Wednesday, August 19, 2009

Do You Know who Your Customer is?

Wow, it's been a while since I put up a post, long overdue but I've been really busy which is a good thing!

I wrote about how so often companies fail to make any effort regarding the concept of getting found (SEO) on the internet when they create a website in one of my very first posts in this blog. This kind of misses the whole point of the exercise doesn't it? It's unfortunate that companies would take the time to create a site but not really understand that they have to be found in order for the site to be of real value to their business. I won't comment about the companies that make these websites other than to say shame on them for taking a clients money and not really delivering the goods. Today I want to address another key element of your websites design...who are you trying to reach?

The simple and self evident answer is "My customers!" of course. But I would ask you to take a moment and reflect on just who exactly that customer is, because as the process of content development on your website continues this should be an important consideration. It could be that there are a variety of prospective clients you're trying to communicate with and each one will require individual attention. For example, a hotel has the "business traveller", "family vacation audience", "event planner" and "wedding couple" among others as prospective clients and each has their specific needs as to relevant is not about the beds, pillows and bathrooms, rather it's about what those individuals are looking for and each is different. but here is the most important point I is not about you and your business, it's about your customer and the solution you can provide for them! In the example of the hotel does the business person care that you have the "best pillows in town"? Maybe, but more likely they are looking for easy access to the facilities they have to go to, great communications infrastructure and that they'll get a good sleep when they finally make it to bed. Focus on solving they're problems, not on what you're selling.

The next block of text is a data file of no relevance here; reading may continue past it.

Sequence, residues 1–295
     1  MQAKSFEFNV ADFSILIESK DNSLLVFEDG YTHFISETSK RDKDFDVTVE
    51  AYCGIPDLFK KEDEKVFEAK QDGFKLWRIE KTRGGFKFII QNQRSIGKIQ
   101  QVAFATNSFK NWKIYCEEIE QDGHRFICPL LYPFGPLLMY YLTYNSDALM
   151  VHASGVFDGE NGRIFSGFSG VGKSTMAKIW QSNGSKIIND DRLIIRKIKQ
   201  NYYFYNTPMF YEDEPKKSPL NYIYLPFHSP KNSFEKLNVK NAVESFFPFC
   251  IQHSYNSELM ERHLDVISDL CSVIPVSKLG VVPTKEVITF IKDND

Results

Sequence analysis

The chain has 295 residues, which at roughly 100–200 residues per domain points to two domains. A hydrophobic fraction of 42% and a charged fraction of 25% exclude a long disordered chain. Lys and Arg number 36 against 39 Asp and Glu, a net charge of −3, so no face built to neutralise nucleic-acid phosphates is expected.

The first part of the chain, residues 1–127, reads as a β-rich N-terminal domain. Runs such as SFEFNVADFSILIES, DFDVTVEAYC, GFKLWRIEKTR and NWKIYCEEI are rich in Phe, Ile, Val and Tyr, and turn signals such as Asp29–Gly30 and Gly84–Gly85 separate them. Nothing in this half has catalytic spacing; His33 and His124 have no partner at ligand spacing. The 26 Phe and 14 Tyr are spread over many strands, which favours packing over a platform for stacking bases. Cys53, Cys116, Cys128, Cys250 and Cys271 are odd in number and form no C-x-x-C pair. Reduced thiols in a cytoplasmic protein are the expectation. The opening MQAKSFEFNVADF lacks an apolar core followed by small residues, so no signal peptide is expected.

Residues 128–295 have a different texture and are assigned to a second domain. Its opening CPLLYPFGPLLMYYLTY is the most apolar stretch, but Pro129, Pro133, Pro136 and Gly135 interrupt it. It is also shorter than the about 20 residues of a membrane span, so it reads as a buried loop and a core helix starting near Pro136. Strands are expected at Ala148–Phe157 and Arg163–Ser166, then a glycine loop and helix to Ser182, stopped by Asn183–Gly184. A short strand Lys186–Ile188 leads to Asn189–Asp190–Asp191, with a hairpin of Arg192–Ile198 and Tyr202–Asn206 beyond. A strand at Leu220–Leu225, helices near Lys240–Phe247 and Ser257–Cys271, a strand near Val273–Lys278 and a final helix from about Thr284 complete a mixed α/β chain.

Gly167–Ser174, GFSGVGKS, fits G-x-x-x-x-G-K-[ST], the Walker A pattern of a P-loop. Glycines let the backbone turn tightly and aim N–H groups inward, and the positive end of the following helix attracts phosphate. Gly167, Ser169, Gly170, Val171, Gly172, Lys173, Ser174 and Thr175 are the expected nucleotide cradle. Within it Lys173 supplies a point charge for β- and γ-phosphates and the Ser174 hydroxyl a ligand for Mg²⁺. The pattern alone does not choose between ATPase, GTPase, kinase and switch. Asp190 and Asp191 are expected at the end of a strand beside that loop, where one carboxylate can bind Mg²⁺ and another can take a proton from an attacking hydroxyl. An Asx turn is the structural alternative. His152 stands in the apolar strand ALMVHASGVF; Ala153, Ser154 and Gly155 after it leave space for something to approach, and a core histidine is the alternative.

How does this separate you from your competition? If you've taken time to see what your competition is doing (highly recommended!) you'll see that most of them tend to the "Blah, blah, blah" about their business website approach. It's not their fault, they don't know any better. Now you do. Here's an exercise to illustrate my point. the next time you're looking for information about a product or service online, think about which websites you stay on in your investigations, is it the sites that say "We have great widgets!" or is it the websites that speak to your problem and offer insight about how you can solve it? This is the way that websurfers get engaged with companies and ultimately end up being customers...there is enough blah, blah, blah in our lives, separate yourself! It will generate $$$ for your business.

Want some help? Contact me.

We're at the edge of the future!

Andy Xhignesse

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